Culture: 
English

The nature in which the Didymoi textile was excavated allowed for more precise dating to 81-96 AD. This textile was extremely well documented. Rogers et al (2001) presented the following analysis. The fragment included 60.5 cm (24 inches) of warp and 10.4 cm (4 inches) of weft. It included a tapestry woven clavus in purple. The clavus measured 2.5 cm (1 inch) wide and ran the entire length of the warp. The textile analysis stated the warp was an undyed Z-spun wool, sett at 29 to 36 epcm (63 to 79 epi)  in the damask ground weave and 34 epcm (75 epi) in the clavus. The weft was also an undyed Z spun wool, at 54 to 70 ppcm (118 to 154 ppi). The clavus weft was also wool and was woven in half basket weave. The analysis of the purple weft concluded the purple was created using a mixture of woad/indigo and dyer’s madder.  This yarn is extremely fine and was packed to 108-124 ppcm (237 to 273 ppi). The cloth’s ground weave is a block structure of alternating 3/1 damask, or 3/1 broken twill, and 1/3 damask, with alternating Z and S twill directions. This block pattern forms a checkered pattern within the cloth itself. The ends per centimeter in the ground weave varies greatly, from 6 to 22 epcm. Rogers wrote this cloth provided evidence of the use of a horizontal loom with shed rods, as discussed earlier.

 
Culture: 
Roman

The Clothworker’s Centre has also undertaken the conservation of a panel of a burse, cloth container for transporting religious items. This particular piece was last listed as on display in the Victoria and Albert Medieval and Renaissance Gallery. The cloth was made of cut velvet and was also embroidered. The woven cloth was attributed to Italian weavers and the embroidery to English artists. The burse was dated to 1320-1340 AD. The cloth measured 10 inches tall by 11 inches wide the warp was roughly 35 epi. The warp of this velvet appeared to have been a natural color, which would not have been expected to be seen when the cloth was new. Velvet warps must leave room for the weft to be looped over a rod and later cut. Although 35 epi is not particularly fine, it was not surprising for this weave structure. This piece pointed to the use of velvet in England.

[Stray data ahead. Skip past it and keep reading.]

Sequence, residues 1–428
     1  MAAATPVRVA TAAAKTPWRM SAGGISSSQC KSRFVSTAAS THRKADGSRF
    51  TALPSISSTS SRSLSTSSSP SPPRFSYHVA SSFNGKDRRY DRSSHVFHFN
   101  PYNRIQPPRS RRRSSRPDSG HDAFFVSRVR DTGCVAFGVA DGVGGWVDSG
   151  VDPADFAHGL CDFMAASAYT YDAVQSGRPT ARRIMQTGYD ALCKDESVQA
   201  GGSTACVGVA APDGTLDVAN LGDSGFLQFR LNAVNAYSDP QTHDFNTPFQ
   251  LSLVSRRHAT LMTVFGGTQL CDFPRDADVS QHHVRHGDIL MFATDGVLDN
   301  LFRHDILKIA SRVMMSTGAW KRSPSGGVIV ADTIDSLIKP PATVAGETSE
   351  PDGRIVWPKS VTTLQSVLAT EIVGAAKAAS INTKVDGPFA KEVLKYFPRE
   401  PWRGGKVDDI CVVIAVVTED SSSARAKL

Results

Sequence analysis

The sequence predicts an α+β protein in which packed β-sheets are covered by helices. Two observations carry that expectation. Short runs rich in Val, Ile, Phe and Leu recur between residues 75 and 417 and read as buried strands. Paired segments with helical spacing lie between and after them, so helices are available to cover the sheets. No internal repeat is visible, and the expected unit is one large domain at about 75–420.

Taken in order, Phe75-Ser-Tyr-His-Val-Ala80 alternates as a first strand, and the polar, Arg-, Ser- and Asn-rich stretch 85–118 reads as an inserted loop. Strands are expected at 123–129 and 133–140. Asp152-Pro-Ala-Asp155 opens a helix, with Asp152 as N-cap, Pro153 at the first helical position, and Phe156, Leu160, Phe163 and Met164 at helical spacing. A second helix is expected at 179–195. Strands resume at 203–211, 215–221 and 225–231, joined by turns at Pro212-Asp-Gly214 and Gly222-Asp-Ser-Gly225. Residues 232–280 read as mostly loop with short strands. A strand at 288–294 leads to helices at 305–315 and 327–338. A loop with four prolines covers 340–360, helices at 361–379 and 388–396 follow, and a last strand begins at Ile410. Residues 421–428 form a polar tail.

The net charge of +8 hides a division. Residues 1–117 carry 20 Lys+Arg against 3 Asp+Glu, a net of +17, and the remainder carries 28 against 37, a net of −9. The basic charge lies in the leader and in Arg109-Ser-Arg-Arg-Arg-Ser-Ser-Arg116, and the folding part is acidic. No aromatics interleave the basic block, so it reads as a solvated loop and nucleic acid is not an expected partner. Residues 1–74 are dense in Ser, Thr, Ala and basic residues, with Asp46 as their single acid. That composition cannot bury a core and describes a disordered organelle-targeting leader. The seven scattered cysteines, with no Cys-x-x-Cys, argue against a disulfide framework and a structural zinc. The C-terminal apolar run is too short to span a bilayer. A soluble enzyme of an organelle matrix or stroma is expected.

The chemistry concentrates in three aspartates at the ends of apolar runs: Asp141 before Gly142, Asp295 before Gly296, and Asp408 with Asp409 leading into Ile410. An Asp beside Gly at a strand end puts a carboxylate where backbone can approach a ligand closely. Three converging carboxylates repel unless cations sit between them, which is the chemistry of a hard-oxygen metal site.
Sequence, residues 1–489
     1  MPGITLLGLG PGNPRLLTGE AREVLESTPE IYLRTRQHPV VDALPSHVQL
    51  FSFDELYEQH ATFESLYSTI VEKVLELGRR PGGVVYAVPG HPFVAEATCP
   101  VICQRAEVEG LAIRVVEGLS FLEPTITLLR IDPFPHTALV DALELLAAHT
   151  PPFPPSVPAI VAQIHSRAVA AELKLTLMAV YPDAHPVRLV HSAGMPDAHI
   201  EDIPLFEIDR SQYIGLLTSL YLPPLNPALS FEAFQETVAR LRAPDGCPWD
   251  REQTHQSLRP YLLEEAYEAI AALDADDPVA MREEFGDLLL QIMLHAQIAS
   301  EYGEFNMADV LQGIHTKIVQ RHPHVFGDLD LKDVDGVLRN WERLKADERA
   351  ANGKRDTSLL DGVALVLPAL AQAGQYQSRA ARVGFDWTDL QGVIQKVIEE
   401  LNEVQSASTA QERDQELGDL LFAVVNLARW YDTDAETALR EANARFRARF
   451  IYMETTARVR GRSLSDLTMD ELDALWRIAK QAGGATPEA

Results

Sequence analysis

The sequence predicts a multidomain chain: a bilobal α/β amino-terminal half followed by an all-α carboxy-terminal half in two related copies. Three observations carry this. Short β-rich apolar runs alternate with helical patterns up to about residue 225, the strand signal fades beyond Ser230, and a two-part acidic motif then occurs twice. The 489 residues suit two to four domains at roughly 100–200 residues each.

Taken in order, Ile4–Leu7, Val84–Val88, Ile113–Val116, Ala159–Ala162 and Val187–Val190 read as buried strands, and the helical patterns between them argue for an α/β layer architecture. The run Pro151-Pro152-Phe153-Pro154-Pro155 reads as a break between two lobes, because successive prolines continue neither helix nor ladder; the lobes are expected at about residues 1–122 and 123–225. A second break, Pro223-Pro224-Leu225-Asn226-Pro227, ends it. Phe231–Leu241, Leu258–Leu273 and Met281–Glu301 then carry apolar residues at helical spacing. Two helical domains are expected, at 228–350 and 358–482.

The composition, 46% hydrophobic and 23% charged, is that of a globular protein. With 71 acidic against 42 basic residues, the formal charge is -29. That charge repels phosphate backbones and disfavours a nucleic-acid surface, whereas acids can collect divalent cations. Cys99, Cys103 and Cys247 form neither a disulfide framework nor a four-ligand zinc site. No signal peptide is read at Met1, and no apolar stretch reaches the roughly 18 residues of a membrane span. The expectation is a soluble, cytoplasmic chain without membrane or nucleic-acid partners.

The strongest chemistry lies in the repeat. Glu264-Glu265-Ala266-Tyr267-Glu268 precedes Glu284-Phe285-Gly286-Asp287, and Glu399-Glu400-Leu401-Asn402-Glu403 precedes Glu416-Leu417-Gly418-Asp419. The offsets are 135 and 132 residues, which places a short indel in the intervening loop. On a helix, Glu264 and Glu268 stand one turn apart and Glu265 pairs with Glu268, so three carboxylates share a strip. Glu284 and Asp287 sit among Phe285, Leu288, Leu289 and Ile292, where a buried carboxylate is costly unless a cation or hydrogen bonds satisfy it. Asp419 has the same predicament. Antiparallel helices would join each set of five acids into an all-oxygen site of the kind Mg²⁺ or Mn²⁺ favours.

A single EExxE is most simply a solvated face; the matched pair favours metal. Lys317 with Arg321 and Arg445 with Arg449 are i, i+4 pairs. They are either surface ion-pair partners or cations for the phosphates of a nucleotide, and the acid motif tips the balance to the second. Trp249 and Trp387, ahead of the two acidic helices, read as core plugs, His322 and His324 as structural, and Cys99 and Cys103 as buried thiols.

Period: 
14th C
Culture: 
Italian

Now in Brixen Cathedral, Austria

Taquete hunting scene now in the Museum of Decortive Art, CopenhagenBecker notes that these taquete hunting scenes were popular from the 4th-6th Centuries AD. A simlar hunting scene is described in Weibel, Two Thounsand Years of Textiles, which is not included here, because Weibel does not specifiy the technique used.Figures of this taquete are done in undyed wool with a buff coloured background. The border of this textiles has a white pattern on purple background.  This piece measure 26 cm x 48 cm. This taquete is attribute to Egyptian weavers, who are known during this time for using S spun warps. Becker believed this piece was woven with 78 pattern shafts.

Period: 
4th C
5th C
6th C